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Frontline Treatment of Chronic Myelogenous Leukemia

Panelists: Rafael Bejar, MD, PhD, UCSD; Harry P. Erba, MD, PhD, UAB; Elias J. Jabbour, MD, MD Anderson;Rami S. Komrokji, MD, Moffitt; Mark J. L
Published: Thursday, Jan 16, 2014
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There are currently three agents approved for the frontline treatment of patients with Philadelphia chromosome-positive chronic myelogenous leukemia (CML). As a result, several factors go into the decision of which therapy to utilize, including efficacy and costs.

In general, the second-generation agents, dasatinib and nilotinib, have demonstrated better long-term outcomes, Ruben A. Mesa, MD, states. However, imatinib has similar efficacy at a lower cost, making it an attractive option. Due to these factors, several nuances go into the selection of a frontline therapy, Mesa notes. If patients are at high-risk, the case for second-generation agents is much stronger. The main driver behind the use of upfront imatinib is cost. In patient discussions, the second-generation agents are usually recommended.

As physicians, it is important to be mindful of both economics and outcomes; however, the primary responsibility is to ensure an optimal patient outcome, Harry P. Erba, MD, PhD, says. In general, alterations outside of BCR-ABL do not help select frontline therapies. As a result, genetic sequencing is often reserved for the detection of a possible resistance mutation, which may play a role in the selection of treatments, Rafael Bejar, MD, PhD, states.

In the interest of economics, it is plausible to start with imatinib treatment for 3 months to 6 months and then switch to dasatinib or nilotinib, suggests Elias J. Jabbour, MD. However, some feel it is best to start with the best agent upfront, as an induction therapy, and reserve imatinib as a type of maintenance choice, Jabbour suggests. However, at this point, data on long-term outcomes is limited.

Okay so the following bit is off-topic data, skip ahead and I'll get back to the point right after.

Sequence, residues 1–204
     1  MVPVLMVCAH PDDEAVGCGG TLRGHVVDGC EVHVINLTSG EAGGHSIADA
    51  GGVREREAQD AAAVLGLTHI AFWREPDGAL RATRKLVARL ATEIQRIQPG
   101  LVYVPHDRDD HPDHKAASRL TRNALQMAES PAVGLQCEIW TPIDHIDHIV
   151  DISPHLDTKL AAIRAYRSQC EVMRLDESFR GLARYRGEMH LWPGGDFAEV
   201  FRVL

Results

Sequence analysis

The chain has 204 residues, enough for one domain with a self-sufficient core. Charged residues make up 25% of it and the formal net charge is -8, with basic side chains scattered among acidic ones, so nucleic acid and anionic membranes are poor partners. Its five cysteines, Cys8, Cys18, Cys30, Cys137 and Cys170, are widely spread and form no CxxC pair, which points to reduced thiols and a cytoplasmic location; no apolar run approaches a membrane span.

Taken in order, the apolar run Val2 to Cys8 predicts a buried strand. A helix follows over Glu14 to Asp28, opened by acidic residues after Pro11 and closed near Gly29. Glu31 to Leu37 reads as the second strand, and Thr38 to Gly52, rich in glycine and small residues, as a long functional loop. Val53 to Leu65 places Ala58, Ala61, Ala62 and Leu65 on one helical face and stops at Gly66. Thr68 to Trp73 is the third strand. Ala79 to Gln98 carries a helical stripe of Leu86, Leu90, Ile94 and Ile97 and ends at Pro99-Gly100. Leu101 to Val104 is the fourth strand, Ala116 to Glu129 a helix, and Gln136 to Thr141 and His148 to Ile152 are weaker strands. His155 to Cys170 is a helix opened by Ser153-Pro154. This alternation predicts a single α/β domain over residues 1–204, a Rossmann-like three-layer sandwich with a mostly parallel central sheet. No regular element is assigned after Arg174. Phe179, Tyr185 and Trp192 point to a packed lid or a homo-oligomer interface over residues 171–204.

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For High-Definition, Click
There are currently three agents approved for the frontline treatment of patients with Philadelphia chromosome-positive chronic myelogenous leukemia (CML). As a result, several factors go into the decision of which therapy to utilize, including efficacy and costs.

In general, the second-generation agents, dasatinib and nilotinib, have demonstrated better long-term outcomes, Ruben A. Mesa, MD, states. However, imatinib has similar efficacy at a lower cost, making it an attractive option. Due to these factors, several nuances go into the selection of a frontline therapy, Mesa notes. If patients are at high-risk, the case for second-generation agents is much stronger. The main driver behind the use of upfront imatinib is cost. In patient discussions, the second-generation agents are usually recommended.

As physicians, it is important to be mindful of both economics and outcomes; however, the primary responsibility is to ensure an optimal patient outcome, Harry P. Erba, MD, PhD, says. In general, alterations outside of BCR-ABL do not help select frontline therapies. As a result, genetic sequencing is often reserved for the detection of a possible resistance mutation, which may play a role in the selection of treatments, Rafael Bejar, MD, PhD, states.

In the interest of economics, it is plausible to start with imatinib treatment for 3 months to 6 months and then switch to dasatinib or nilotinib, suggests Elias J. Jabbour, MD. However, some feel it is best to start with the best agent upfront, as an induction therapy, and reserve imatinib as a type of maintenance choice, Jabbour suggests. However, at this point, data on long-term outcomes is limited.

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